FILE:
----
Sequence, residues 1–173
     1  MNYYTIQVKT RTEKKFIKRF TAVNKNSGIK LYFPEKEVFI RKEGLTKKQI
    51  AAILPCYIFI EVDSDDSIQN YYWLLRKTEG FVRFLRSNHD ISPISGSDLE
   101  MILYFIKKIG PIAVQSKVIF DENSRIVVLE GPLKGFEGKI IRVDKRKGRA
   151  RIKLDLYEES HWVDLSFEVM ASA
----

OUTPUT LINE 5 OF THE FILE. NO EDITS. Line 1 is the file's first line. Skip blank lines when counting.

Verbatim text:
   151  RIKLDLYEES HWVDLSFEVM ASA